Nerve sheath tumors develop in tissues that surround and support nerve cells. They’re usually noncancerous, treatable with surgery and don’t come back after treatment.
Nerves transmit electrical signals between your brain and your body. They’re made up of bundles of nerve cells. The cells, bundles and nerves are all wrapped in layers of protective tissues that provide insulation and help the electrical signals move faster.
Nerve sheath tumors form in these layers of insulation. These layers include:
Your nervous system is made up of your:
Nerve sheath tumors usually affect your peripheral nervous system.
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The most common types of nerve sheath tumors are:
These occur in Schwann cells. About 60% of Schwannomas affect the vestibular nerve in your inner ear. Others form under your skin or deeper in your tissues and organs. Common locations of nerve sheath tumors include:
Schwannomas are encapsulated — meaning, contained; covered with a thin layer of tissue — and are almost always noncancerous (benign). Very rarely, long-lasting tumors can become cancerous (malignant).
These tumors involve several types of tissue in the nerve sheath, including Schwann cells, endoneurium and perineurium. They usually appear under your skin as nodules or masses, but can also affect deeper nerves.
Neurofibromas aren’t encapsulated, or contained, like schwannomas, and penetrate between bundles of nerves. Plexiform neurofibromas are web-like and surround multiple nerve bundles. They can extend into nearby tissues.
Most neurofibromas are noncancerous. Approximately 5% to 10% become cancerous tumors called malignant peripheral nerve sheath tumors. In about half of people with malignant tumors, cancer has spread to other parts of their body at the time of diagnosis.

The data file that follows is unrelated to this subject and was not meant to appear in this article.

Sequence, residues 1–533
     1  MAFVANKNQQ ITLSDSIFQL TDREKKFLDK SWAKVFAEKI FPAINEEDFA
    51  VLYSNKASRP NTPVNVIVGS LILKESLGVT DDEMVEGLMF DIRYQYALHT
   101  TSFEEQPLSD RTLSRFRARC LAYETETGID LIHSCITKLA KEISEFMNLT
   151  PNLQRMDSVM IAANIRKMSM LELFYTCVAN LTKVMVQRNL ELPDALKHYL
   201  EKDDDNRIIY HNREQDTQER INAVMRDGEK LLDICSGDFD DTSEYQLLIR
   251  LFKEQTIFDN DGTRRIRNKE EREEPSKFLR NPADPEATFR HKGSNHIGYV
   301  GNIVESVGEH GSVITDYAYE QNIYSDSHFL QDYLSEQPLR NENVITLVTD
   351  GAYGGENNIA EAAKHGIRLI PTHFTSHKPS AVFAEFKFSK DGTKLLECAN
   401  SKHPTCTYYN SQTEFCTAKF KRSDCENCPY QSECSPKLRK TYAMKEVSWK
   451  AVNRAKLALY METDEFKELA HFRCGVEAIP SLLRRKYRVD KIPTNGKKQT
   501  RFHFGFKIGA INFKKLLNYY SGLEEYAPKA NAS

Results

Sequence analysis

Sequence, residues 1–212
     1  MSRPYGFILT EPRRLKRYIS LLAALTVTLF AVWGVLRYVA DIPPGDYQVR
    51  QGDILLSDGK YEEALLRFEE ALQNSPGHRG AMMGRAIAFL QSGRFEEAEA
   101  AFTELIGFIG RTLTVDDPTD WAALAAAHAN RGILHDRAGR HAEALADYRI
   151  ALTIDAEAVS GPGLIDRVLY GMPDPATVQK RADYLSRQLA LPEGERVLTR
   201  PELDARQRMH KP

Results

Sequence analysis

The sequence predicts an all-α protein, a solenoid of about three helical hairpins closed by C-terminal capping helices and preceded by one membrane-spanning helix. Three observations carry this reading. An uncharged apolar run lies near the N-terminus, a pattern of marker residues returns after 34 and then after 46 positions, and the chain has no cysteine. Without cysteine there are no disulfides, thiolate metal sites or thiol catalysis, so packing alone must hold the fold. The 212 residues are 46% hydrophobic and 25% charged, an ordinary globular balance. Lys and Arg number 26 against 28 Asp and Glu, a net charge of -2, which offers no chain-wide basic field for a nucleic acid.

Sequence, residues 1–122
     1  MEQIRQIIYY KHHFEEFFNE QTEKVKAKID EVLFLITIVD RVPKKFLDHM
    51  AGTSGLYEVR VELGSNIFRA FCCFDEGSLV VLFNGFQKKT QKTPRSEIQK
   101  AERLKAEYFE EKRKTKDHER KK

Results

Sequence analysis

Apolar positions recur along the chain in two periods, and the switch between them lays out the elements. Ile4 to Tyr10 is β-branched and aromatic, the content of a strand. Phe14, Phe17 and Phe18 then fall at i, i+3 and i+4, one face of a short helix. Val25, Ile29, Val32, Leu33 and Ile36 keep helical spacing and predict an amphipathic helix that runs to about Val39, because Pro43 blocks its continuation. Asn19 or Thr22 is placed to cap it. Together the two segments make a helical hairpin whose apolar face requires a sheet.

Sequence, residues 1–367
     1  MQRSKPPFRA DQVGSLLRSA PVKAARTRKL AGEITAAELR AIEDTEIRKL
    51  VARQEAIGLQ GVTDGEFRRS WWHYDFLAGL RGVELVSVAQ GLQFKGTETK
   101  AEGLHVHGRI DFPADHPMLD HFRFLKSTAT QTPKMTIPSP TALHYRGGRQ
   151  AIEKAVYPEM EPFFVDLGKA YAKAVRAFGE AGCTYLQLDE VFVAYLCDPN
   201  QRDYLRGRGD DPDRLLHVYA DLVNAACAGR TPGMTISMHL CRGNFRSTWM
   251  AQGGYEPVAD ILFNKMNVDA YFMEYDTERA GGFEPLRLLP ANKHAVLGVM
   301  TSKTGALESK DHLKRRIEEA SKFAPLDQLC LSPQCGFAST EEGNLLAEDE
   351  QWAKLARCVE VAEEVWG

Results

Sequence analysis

Benign nerve sheath tumors are relatively rare. Schwannomas are most common in people between the ages of 50 and 60. Neurofibromas most often occur in people between the ages of 20 and 40. Plexiform neurofibromas usually develop before age 5.
Malignant peripheral nerve sheath tumors are extremely rare, affecting about 1 out of every 10 million people each year.
Genetic changes play an important role in the development of nerve sheath tumors. Alteration of the NF2 gene is linked to schwannomas, while the NF1 gene is associated with neurofibromas.
Most often, these genetic changes are sporadic and happen randomly. A small fraction of schwannomas and neurofibromas are caused by a rare, genetic disease that runs in families called neurofibromatosis.
The types of neurofibromatosis are:
People with nerve sheath tumors often have no pain or other symptoms. If the tumor grows large or presses on the nerve, it may cause:
Nerve sheath tumors can cause other symptoms depending on their location. Some specific symptoms for different tumor locations include:
In general, people with nerve sheath tumors will have a single tumor. In neurofibromatosis, multiple tumors (usually on their skin) are common.
Your healthcare provider will perform a physical exam and an assessment of your overall health. This includes a review of your medical history, family history and symptoms.